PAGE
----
In Knute Nelson’s memory care unit, a frail, tired woman has joined an elite group of people around the globe: She turned 110 on May 19.

Alma Leuthner was born in 1910, when William Howard Taft was president of the United States. She was nearly 2 when the Titanic sank, 3 when the first crossword puzzle was published and 8 when World War I ended. At age 10, white women in America got the right to vote.

“On her 100th birthday, she expressed amazement that she was still alive and enjoying life,” said her son, lawyer Bill Leuthner of Alexandria, who is 71. “She was looking forward to more good years.”

People aged 110 and older are known as supercentenarians, and the Gerontology Research Group, a global group of researchers that studies the oldest humans, estimates there are anywhere between 300 to 450 supercentenarians alive today, with about 60 to 75 of them living in the United States.

Alma, nee Dreher, grew up on a farm just outside Long Prairie, her son said, with three sisters. The girls studied music from the local nuns, and Alma learned to play the violin and the piano. Alma attended high school in Long Prairie and business college in St. Cloud.

For a time, she played violin at the Alexandria movie theater to accompany the silent movies, her son said.

“One day when she was a teenager, she convinced her mother that she was able to drive the car to town,” Bill said. “So she and her mother set off to town. On the way they met her father coming from town with the horse and buggy. Her father was upset because he didn't believe that women should drive a vehicle. She persisted and convinced her father that she could drive equally as well as any man.”

In 1932, she moved to Alexandria. The next year she met and married her husband, John Leuthner, and she was about 40 when Bill was born. He was one of two children.

Alma played bridge, refinished antiques, sewed and took pride in her flower gardens.

“At age 85, she commented that she was too old to be digging in the garden,” Bill said. “She was told that this was good exercise for her and would contribute to a long and healthy life.”

In 1996, she lost her husband.

When she was 95, she had surgery for colon cancer and needed no further treatment.

She lived on her own until she was 98, when she stopped driving and moved into Nelson Gables where she met new friends and continued playing cards, he said. She was able to attend family gatherings, church and dine out with family and friends.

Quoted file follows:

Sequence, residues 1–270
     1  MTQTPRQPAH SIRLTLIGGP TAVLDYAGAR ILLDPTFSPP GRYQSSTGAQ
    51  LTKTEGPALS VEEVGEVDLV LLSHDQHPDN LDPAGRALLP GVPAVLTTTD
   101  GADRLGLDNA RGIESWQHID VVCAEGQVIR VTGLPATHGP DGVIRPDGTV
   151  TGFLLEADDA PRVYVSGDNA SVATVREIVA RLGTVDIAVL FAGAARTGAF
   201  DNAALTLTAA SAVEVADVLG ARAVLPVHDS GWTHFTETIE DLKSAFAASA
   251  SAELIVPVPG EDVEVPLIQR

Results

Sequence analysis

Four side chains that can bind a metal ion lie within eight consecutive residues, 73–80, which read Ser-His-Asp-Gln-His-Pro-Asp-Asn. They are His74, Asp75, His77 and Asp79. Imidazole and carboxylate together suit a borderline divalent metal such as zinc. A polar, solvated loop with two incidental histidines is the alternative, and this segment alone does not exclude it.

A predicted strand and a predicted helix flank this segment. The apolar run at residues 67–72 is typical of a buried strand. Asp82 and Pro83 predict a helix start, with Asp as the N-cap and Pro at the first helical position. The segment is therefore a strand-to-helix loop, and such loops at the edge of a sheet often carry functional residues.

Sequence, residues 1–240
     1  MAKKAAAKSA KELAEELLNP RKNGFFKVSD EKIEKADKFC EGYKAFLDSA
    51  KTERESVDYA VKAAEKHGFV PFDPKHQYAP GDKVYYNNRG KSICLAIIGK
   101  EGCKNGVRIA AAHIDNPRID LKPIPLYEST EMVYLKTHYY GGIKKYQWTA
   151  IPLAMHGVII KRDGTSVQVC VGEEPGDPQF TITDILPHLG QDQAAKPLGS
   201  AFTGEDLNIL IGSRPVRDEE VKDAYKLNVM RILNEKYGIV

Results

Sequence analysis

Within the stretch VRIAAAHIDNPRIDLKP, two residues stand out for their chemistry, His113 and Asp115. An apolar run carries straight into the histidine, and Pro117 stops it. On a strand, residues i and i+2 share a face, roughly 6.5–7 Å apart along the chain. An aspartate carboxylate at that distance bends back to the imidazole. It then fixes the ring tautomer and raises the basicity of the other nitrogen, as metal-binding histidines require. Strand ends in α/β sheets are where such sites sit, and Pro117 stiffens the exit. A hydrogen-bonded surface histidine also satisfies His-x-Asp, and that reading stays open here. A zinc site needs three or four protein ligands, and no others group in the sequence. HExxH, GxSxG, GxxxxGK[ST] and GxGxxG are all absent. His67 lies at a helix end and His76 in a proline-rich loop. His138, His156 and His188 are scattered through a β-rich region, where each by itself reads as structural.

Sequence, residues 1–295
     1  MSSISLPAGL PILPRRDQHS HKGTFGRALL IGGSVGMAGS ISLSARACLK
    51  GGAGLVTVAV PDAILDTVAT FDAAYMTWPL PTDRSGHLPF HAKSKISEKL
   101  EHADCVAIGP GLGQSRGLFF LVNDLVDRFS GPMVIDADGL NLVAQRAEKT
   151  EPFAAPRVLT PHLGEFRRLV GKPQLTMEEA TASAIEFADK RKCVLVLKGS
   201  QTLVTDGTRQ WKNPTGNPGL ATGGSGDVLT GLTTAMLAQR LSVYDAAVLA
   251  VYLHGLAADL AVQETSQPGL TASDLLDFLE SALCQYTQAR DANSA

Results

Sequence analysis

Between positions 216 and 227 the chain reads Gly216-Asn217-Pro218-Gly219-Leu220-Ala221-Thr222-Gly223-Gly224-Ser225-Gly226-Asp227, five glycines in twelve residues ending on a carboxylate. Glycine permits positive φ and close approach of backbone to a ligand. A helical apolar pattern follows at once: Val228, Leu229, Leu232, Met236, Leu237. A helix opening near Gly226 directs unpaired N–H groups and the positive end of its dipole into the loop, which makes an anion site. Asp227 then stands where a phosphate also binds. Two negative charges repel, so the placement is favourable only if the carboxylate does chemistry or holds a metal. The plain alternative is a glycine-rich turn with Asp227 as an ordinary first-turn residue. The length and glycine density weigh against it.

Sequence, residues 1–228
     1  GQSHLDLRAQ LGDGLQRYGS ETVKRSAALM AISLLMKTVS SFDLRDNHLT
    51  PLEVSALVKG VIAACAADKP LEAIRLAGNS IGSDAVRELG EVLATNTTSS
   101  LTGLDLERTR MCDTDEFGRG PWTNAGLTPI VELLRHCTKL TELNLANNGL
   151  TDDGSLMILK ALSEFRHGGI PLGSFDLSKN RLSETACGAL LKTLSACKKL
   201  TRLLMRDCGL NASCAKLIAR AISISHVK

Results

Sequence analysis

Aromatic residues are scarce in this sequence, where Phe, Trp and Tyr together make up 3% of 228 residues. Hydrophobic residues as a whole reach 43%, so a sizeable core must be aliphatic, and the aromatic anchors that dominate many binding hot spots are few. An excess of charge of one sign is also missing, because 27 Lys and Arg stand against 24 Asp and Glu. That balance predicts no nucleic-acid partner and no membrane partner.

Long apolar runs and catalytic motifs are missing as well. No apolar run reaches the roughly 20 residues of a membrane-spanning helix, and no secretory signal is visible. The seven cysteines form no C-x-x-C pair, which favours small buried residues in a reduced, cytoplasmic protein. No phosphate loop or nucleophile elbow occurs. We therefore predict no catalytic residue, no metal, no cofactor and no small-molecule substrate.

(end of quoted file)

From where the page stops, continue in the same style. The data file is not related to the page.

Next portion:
At age 107, Alma’s mental and physical health deteriorated, Bill said, and she moved to the Knute Nelson nursing home where she still lives.

Her daughter-in-law, real estate agent Mari Leuthner, said her mother-in-law sleeps most of the time, can’t see well, and has barely spoken during the past year. Still, she eats three meals a day, and on her birthday she had cake, wore a birthday hat and spoke.

“They said her heart is still strong,” Mari said. “Alma has always been an incredibly strong woman.”

Bill said his mother loved her children and grandchildren, and said many times as she grew older that her family sustained her. She maintained a strong positive attitude and strong religious faith, and had belonged to Zion Lutheran Church since 1933. She believed in moderation in all things.

“My mother is an incredibly optimistic woman,” Bill said. “She expected the best in life and left the past behind. I have always been very proud of her character and her many talents. She is a great inspiration to me and to all her family and friends. I will always reflect on her great life. I am blessed to have so many memories of my mother.”

Alma’s niece and goddaughter, Sharon Schuetze of Spicer, recalled Alma’s “loving, kind and positive ways,” as well as how she made her home, cooking, entertaining, and appearance all beautiful.

“She has always had her own unique style,” Schuetze said. “She is definitely an inspiration to me, and I will always remember and cherish our wonderful adventures together.”

Grandson Alexander Leuthner said Alma made dumplings for him while they watched “Wheel of Fortune” and played double solitaire. She also loved eating pork chops at the Douglas County Fair.

“She understood and taught me to take everything day by day,” he said.